I think that's kind of the striking achievement -- if that's the term (and it's not) -- that Jameson's review calls attention to: this is the novel everyone has heard of, that many people read in order to be readers of it, that critics find themselves compelled to discuss, but that no one finds anything of value in. And yet they keep discussing it! It's not entertaining, illuminating, challenging, or even, really, controversial or provocative after all, given that its controversy-baiting title is so blatantly obvious in its apparent intent that it sort of comes out the other side, and the excruciatingly mundane contents mean that even the potential drama of the uncle's lawsuit is, as Jameson notes, sort of tediously inevitable, a break of any tension, rather than innovative or productively analyzable.

A lot of Jameson's argument here seems to be that the novel is a symptom of what he sees as the current situation of "daily life" and those who live it. He notes that fiction -- really, lit-fic -- seems to have run out of experiments, and really stopped performing the function of identifying or achieving heterogeneity that, for Jameson, animates literature as an art. (Really, this review can be read primarily as an essay on the death of lit-fic.) The one bit he says, again and again, is interesting is the reader or person in Kausgard's life who withholds or defers any reaction: the most interesting thing around this novel would be the people who should react to it, but are apparently not at all interested in reacting to it.

Jameson also seems to argues that it is only in itemizing the raw material of experience is there any real possibility for experiment remaining in lit-fic. I don't think, in the end, that he thinks this novel is successful in finding that possibility, and I get the sense he doesn't think much of it as a possibility. (Again, I think this review is about the death of lit-fic.)
posted by kewb at 7:22 AM on November 23, 2018 [10 favorites]


In Germany they're titled after the content and the whole series is sub-titled 'The Autobiographical Project'

I have a bunch of them that I've received as gifts and I have yet to start any of them. Frankly, I'm jealous of his hair and that's proving enough of a block to keep me from opening any of the books.
posted by From Bklyn at 7:24 AM on November 23, 2018 [8 favorites]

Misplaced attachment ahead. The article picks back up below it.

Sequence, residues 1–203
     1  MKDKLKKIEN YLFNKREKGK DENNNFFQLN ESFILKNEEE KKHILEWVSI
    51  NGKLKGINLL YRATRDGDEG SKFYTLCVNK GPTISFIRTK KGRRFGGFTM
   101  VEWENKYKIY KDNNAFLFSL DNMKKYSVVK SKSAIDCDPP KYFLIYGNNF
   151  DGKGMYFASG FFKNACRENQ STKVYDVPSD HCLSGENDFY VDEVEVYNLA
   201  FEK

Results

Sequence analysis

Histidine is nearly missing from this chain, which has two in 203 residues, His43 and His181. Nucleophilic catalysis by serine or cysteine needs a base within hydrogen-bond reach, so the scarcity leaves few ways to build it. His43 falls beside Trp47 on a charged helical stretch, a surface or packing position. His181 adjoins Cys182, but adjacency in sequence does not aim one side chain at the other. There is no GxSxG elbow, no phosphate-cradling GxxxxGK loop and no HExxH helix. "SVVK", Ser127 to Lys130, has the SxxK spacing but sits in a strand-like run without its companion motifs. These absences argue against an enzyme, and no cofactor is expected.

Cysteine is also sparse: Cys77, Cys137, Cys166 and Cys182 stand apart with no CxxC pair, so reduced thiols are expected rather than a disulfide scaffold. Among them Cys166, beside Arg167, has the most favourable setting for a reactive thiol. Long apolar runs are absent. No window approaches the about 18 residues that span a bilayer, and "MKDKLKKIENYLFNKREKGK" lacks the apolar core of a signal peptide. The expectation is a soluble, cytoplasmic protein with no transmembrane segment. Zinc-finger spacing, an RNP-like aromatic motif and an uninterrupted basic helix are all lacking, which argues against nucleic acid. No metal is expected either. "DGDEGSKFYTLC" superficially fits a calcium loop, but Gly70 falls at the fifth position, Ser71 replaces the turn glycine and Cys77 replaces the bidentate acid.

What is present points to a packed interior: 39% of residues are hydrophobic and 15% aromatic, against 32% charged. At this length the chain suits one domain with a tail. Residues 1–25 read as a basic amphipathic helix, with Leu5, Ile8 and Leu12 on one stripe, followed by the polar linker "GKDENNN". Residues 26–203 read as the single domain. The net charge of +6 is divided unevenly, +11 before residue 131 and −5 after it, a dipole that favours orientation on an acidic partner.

OK, one Jameson story.

I spent a lot of grad school doing Marxist and related theory. As a young prof I got a paper on Jameson, Adorno, and utopia accepted to a conference, then was excited to learn the man himself (Jameson, that is, not Adorno) would be there to respond.

However, the week of the conference I came down with a serious flu. Never mind, I told myself, I'll power through. The morning of the event I printed my paper and left several spaces for reactions to other presenters. I took the printout, and many medications, and sat down in the main conference room to get ready for the sessions before mine.

Who would show up but Fred Jameson. He introduced himself very genially, expressed polite interest in the paper, then took it from my hands and walked away, so he could read it before my talk. I was too star-struck and flu-addled to protest until he had left the area.

So I settled back down with my tea and drugs, terrified that Jameson would despise my paper, especially with the gaps in it, and I'd have no way to adjust it before the talk (this was in the late 1990s, and I didn't have a decent laptop to edit with then). I frantically jotted down notes from other presenters and furiously thought about reconstructing my entire paper from those presenters and the flu-fogged memory of my own.

5 minutes before I was scheduled to go on stage, my eyes blearing shut, Jameson strolls back and hands me the paper. "Excellent work!" he proclaims. "Carry on with it."

I was not and am not a religious person, but I imagine that this is what it felt like to have a supernatural being endorse one's cause. Or maybe it was the combination of illness and drugs. Either way, my heart soared as I stomped up to the podium.

I don't remember much of my presentation, to be honest... except shaking my first in the air at several points to emphasize an idea. I think. During Q+A the leading academic in the session asked me a dumb question, and I, utterly forgetting that I was a kid prof, threw decorum to the winds and mocked said silly question, using its flaws to offer another argument. (Afterwards he was so impressed that he bought me lunch)